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6 of 6 people found the following review helpful By lazza on March 27, 2004
Format: Mass Market Paperback
'The Stingray Shuffle' by Tim Dorsey is really more of a series of comedy skits than a novel. The so-called plot involves a madcap chase of briefcase containing $5 million in cash. While there are a few gratuitous murders this is hardly be called a crime story. Yet like Carl Hiaasen novels 'The Stingray Shuffle' contains plenty of Florida-isms; locals like me will love the historical references to Henry Flagler, the pioneering railroads of a century ago, etc. Too bad Tim Dorsey doesn't seem to have the satiric wit of Hiaasen. His humour is very childish in comparison.
Bottom line: a very silly yet often funny book. Passable.
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7 of 8 people found the following review helpful By Susan Williams on May 7, 2003
Format: Hardcover
To anyone who thinks the description of laughter as "side-splitting" is an exageration, I have only one response: Read chapter 3 of The Stingray Shuffle. (Actually, read the entire book.) I was literally in tears, laughing uncontrollably, trying not to wake up my sleeping family as I read late into the night of the antics on the minature golf course/driving range, including the true goal of hitting a bucket of balls and the misadventures of Johnny Vegas, the Accidental Virgin. Tim Dorsey has written a series of zany adventures set in the ripe-for-satire Florida scene, further honing his literary skills with each ensuing book. I thought it would be hard to top the comic absurdity of his last effort, Triggerfish Twist, but this entry delivers the early promise so evident from the beginning. Read it and meet (or meet again, if you are already a fan) Serge A. Storms, the bad guy you just have to love. Find out what happens to the briefcase with $5 millon, careen all over Florida from the Keys to Tampa, West Palm Beach, Fort Lauderdale and points beyond all the way to NY City. Enjoy the forgotten pleasure of true belly laughs....but be prepared for the aching side effects of laughing until it hurts.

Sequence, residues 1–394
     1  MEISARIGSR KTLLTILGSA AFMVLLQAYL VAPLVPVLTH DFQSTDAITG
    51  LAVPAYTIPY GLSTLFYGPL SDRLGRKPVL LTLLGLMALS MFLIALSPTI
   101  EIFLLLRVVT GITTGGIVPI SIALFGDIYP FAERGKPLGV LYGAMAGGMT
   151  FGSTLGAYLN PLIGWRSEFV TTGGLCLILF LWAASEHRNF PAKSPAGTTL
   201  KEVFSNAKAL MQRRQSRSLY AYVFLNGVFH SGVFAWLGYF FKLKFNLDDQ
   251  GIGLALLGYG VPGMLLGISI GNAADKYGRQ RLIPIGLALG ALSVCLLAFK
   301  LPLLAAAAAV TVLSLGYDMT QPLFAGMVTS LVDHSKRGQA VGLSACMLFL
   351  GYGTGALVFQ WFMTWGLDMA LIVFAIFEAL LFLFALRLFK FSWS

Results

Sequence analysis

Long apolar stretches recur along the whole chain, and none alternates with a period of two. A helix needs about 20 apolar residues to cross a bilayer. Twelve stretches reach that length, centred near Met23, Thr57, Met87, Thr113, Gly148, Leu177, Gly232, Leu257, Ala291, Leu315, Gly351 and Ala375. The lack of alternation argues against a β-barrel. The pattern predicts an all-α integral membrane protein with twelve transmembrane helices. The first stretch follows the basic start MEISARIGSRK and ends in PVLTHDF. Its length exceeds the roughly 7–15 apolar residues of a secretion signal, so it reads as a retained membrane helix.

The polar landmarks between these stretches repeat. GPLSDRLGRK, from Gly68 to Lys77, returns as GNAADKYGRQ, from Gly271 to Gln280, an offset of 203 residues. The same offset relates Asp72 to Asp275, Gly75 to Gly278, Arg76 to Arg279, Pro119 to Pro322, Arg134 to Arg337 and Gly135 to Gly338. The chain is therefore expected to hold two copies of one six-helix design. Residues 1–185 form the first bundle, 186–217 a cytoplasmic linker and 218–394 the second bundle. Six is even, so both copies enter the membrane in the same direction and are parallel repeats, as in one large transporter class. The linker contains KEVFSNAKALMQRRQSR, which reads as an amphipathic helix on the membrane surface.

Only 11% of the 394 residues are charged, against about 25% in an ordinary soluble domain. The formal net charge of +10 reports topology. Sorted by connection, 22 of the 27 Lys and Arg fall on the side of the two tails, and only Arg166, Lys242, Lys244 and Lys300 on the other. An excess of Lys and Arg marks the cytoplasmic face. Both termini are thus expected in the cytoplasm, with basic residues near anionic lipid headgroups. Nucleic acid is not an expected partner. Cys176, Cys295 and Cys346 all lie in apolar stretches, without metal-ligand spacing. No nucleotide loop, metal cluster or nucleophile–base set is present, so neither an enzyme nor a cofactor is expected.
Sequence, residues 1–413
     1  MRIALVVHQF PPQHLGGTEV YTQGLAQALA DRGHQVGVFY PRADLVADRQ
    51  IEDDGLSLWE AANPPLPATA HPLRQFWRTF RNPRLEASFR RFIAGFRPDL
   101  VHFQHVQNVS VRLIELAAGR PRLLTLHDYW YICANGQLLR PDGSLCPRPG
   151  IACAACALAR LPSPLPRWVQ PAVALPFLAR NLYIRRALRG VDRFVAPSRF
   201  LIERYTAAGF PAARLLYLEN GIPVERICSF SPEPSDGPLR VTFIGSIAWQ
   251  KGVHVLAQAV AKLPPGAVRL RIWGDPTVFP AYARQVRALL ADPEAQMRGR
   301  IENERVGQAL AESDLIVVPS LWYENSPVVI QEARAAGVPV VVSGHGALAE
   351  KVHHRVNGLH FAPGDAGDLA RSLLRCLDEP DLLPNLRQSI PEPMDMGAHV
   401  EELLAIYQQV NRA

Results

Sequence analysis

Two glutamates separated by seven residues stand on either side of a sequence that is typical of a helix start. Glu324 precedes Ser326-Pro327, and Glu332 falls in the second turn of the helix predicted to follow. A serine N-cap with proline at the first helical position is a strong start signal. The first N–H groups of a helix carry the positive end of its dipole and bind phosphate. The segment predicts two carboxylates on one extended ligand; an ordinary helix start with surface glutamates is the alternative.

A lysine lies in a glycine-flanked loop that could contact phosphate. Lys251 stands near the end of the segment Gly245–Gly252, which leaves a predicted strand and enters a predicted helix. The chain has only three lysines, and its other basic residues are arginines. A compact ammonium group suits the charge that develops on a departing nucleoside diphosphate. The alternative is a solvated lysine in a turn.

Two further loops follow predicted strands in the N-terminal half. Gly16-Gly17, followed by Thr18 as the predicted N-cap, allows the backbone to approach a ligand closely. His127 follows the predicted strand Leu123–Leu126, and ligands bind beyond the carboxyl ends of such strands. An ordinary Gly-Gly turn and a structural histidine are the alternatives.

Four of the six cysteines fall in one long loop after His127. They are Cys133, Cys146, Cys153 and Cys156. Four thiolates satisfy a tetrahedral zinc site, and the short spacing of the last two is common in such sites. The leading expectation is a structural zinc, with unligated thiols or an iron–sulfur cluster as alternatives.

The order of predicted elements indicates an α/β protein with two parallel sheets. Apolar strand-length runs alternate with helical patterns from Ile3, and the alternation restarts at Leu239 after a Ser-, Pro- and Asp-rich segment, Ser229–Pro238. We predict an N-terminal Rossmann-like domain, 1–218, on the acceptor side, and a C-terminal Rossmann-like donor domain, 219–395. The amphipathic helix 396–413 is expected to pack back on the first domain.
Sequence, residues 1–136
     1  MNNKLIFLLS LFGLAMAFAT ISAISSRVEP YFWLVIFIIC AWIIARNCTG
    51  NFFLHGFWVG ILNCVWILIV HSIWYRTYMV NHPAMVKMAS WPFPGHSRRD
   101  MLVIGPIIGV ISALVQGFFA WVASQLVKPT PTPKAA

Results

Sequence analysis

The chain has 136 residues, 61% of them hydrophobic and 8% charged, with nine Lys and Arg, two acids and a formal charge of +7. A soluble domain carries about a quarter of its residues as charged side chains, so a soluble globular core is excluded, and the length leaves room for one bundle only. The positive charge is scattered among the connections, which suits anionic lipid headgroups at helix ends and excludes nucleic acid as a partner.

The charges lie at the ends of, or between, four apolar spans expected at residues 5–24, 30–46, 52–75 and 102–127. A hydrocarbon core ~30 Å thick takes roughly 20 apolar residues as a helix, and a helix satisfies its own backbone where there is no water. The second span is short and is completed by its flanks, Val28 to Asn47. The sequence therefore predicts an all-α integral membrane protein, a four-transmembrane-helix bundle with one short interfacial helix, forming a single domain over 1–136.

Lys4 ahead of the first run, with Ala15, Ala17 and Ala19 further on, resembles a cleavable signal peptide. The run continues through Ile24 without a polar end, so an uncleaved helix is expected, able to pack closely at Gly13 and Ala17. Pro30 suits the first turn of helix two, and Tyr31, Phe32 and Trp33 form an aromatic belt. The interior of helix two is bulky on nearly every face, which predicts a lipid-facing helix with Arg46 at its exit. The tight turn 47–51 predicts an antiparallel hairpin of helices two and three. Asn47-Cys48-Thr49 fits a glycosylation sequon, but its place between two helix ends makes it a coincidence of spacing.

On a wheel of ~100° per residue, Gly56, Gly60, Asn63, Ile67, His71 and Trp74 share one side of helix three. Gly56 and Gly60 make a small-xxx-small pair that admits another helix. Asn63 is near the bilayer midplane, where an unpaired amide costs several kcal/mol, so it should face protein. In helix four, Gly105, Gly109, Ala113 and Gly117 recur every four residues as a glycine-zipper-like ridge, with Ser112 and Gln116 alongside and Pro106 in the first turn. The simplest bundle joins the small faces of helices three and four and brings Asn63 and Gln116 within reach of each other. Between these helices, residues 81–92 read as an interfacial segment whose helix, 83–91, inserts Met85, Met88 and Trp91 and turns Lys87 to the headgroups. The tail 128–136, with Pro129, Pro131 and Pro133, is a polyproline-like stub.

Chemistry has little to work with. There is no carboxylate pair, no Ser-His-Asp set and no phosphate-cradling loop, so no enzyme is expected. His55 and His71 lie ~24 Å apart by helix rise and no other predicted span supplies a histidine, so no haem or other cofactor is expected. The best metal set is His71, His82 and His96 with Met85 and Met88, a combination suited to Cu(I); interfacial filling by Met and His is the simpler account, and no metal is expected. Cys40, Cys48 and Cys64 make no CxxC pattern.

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7 of 8 people found the following review helpful By E.R. on January 25, 2005
Format: Hardcover